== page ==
One of my most viewed projects ever (both on Instructables and Github) is my AVR Universal Battery Charger. It was also one of the very first projects I ever published, so there wasn’t a proper schematics or board layout (back then I simply didn’t care), my code was messy and the hardware had some flaws. Since then, I was getting a lot of requests, comments and questions about a new version, and after a long development, I will be releasing a new version on this site (designated as version 3.3 or 3.4 – yes, there were that many iterations between the original 1.0 and this version – so that’s what took me 3 years, if you’re asking). You can see a picture of the prototype above this article.
As of now, it consists of three Arduino UNO shields: the Power shield, the Balancing shield and the UI shield. The idea is that you can combine only the shields you really need – so if you do not need balancing, then do not include the balancing shield, just the Power & UI shields.
Here I am summarizing the biggest changes to this project:
Balancing: yes, by a popular request, it is now capable of balancing up to 4S lithium batteries.
Arduino-compatible: I am not a big fan of using Arduino for a project like this, I’d rather make a dedicated board for it with custom software in AVR Studio). But so many people requested this to work with the Arduino environment that I decided to try doing this inside the Arduino IDE.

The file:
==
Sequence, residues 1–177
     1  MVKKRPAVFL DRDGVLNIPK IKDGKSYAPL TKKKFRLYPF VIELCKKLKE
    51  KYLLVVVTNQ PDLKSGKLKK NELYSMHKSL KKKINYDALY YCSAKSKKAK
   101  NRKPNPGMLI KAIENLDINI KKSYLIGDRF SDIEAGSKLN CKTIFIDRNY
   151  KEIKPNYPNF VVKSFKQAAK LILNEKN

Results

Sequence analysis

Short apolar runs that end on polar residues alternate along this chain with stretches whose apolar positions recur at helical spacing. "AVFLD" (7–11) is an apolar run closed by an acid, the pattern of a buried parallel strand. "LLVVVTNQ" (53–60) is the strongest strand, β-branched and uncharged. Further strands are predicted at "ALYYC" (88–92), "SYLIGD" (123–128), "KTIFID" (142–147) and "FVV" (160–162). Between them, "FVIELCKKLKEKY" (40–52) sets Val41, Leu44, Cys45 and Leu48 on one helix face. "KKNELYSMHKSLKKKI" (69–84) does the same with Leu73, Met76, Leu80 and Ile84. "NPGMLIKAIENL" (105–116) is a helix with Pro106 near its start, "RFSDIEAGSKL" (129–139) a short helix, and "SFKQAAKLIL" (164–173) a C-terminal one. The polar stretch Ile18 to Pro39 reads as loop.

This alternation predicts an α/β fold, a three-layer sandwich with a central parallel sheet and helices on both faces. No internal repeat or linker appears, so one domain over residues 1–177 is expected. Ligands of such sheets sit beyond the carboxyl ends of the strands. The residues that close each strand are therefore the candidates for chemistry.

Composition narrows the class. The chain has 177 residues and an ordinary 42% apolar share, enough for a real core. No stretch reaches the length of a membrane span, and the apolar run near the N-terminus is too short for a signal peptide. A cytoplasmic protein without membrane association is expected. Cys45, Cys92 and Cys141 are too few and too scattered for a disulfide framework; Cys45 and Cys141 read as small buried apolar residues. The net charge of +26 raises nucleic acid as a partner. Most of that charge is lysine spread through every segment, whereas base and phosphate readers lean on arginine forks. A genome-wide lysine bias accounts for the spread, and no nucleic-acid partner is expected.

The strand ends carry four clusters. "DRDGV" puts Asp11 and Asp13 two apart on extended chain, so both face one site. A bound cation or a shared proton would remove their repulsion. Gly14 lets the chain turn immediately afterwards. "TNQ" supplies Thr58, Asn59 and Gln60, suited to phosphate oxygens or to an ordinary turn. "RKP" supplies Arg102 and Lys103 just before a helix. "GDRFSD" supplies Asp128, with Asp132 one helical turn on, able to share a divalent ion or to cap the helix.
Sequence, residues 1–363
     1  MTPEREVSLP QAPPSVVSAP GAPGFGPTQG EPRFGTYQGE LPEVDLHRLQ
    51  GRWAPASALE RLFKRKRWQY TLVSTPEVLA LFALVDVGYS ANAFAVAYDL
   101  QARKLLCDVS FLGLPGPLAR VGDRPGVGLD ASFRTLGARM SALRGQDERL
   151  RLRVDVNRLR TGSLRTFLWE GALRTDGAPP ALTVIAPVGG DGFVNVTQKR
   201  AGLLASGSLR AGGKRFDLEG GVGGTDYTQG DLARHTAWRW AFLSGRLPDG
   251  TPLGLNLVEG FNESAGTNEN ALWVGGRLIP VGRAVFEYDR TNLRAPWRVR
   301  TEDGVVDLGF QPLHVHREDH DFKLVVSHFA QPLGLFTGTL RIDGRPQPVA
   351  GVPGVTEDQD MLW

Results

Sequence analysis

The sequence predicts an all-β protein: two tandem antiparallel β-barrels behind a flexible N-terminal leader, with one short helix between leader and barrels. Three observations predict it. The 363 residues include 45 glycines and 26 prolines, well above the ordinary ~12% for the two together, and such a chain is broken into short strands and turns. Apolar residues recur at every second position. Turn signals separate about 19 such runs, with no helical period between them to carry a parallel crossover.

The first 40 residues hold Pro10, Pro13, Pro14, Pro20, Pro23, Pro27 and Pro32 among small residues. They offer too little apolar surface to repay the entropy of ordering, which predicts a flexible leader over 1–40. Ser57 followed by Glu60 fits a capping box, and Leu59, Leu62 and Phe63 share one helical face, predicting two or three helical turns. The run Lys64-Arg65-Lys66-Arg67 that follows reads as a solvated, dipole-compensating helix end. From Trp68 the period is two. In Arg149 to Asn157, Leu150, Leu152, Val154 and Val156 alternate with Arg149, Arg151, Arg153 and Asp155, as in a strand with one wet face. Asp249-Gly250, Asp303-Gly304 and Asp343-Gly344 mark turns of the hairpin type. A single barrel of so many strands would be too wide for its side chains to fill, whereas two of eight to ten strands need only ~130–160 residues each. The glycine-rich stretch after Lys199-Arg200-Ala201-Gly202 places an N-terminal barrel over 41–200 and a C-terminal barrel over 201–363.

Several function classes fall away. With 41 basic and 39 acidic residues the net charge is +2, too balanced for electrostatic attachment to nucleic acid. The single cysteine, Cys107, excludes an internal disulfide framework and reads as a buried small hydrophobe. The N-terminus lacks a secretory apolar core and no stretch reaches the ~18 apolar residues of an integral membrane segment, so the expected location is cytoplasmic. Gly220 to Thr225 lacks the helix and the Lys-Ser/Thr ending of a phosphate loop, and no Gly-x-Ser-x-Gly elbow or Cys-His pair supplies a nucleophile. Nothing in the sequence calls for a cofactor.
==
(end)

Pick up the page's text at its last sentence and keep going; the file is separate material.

Just a note – this project is really stretching the capabilities of the 8-bit 16-MHz microcontroller, so there will be some compromises regarding accuracy and power. Maybe in the future, I will make a version using my favorite microcontroller, the STM32F103 (sometimes referred to as ‘the blue pill’ in the community).
Customisable: since it consists of three separate shields, each containing a separate system, you can use only the shields with functions relevant to you. Don’t want balancing? Don’t include the Balancing Shield. Don’t want the display and controls? Well don’t include the UI shield. This also means that in case of any future updates, you can swap only the outdated shield.
Firmware & hardware improvements.
- max input: 20 V DC
- max output: 18 V (charges 4S lipo just fine)
- max charging current: 2 – 3 A (depends mostly on quality of the inductor, cooling and ambient temperature)
- Discharging (battery test)
- max current: 2.5 A
- max heat dissipation without external cooling: 3 – 6 W
- balance resistor: 18 Ω per cell
- 84 x 48 monochrome display
- rotary encoder with button
- 2 LEDs
- Serial port
- analogue temperature sensor
As you’ve seen in the cover photo, I have a prototype of version 3.3, and I am currently in the phase of evaluating performance of the different shields. Based on that I will decide either to publish version 3.3 or skip to version 3.4 and publish that, as there are some changes I want to do to the overall concept. This post is aimed at giving you some information about the progress, since as I said in the begging, I am getting a lot of questions about the next version of this project.